1

I have a problem when executing a "type" command on a file that containg regional characters. Although i can see the file properly with notepad or any other editor, when i try the command "type file" from the command line the regional characters are shown incorrectly.

I've tried executing chcp 850 or chcp 1250 but doesn't work. Executing cmd.exe /u doesn't work either.

Can u help me please? Thanks

4

Code page

You should set the code page used in the `chcp' command should match the encoding used in the file.

If Notepad recognises the file, it must be in one of the encodings that Notepad recognises:

  • ANSI ................. Usually Windows Latin-1, code page 1252.
  • Unicode .............. UTF-16 Little Endian with Byte Order Mark (BOM).
  • Unicode Big-endian ... UTF-16 big-endian with BOM.
  • UTF-8................. UTF-8 with BOM.

So, if the file was encoded in UTF-8 Unicode, you could use chcp 65001

As barlop commented below: "UTF-16 code pages are not supported in Command Prompt windows." Therefore in order to display data from UTF-16 files, the best you can do is probably to convert such files to UTF-8 using either Notepad or another suitable tool (perhaps iconv or recode).

Font

You should also set the font of the Command Prompt window to a font containing the particular characters you need to display. For example Lucida Console, if appropriate. You can do this from the context menu (right mouse button click) on the title-bar of the window, select the "Properties" option.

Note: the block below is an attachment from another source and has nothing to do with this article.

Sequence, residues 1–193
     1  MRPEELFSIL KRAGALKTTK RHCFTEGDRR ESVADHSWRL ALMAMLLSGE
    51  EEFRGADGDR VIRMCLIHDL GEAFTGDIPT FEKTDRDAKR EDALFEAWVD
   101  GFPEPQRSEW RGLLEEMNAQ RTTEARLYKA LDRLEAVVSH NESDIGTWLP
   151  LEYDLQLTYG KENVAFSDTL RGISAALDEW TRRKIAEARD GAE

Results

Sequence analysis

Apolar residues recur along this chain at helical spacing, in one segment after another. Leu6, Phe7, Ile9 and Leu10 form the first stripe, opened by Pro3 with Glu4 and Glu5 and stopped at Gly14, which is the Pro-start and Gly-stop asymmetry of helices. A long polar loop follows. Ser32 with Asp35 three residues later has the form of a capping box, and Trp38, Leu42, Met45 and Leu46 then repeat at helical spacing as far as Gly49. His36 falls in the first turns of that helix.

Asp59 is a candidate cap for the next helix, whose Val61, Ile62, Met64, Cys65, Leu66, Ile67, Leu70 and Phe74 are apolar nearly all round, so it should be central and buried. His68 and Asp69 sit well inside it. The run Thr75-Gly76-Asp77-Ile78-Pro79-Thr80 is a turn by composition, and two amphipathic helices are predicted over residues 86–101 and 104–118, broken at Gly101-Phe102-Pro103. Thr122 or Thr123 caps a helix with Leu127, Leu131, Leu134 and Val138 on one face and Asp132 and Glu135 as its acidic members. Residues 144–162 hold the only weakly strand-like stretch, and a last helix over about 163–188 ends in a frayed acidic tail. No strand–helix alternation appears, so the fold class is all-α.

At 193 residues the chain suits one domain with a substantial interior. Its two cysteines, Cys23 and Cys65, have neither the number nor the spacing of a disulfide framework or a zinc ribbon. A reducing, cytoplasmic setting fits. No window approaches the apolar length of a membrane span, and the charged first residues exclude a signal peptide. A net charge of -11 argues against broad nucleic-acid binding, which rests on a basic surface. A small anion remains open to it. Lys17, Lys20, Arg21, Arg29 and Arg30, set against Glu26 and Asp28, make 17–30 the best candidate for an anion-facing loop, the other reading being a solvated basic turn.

If you have a monospaced font whose character set includes the specific characters you need, you can adapt these instructions to make the command prompt window use that font.

Example

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See also

See related question https://stackoverflow.com/questions/4572393/perl-unicode-glitch

  • I just tried copy/pasting from charmap into the command prompt, and with lucida console, and chcp 65001 and I just got squares for example for U+018F ƏƏ. Have you tried what you're suggesting? – barlop Mar 12 '11 at 2:46
  • @barlop: Yes I have tried what I suggested! Luisclin didn't say which particular characters his file contained, my answer said "a font containing the particular characters you need to display" evidently your Lucida Console font doesn't contain ƏƏ, choose or obtain an appropriate font as I suggested. – RedGrittyBrick Mar 12 '11 at 9:16
  • +1 excellent answer. I would add, looking at some codepages, trying UTF-16 ones . en.wikipedia.org/wiki/Code_page it seems chcp 1201(UTF-16BE) doesn't work. chcp 1201 says "Invalid codepage". chcp 1200(UTF-16LE) says it too. According to this sqlsnippets.com/en/topic-13410.html "UTF-16 code pages are not supported in Command Prompt windows." – barlop Mar 12 '11 at 11:28
  • @barlop: thanks, I have amended the answer to include the restrictions you noted – RedGrittyBrick Mar 12 '11 at 12:09
2

Using cmd /a type filename will translate a file from Unicode to ANSI.

cmd /u type filename can translate an ASCII file into a Unicode file using the current codepage.

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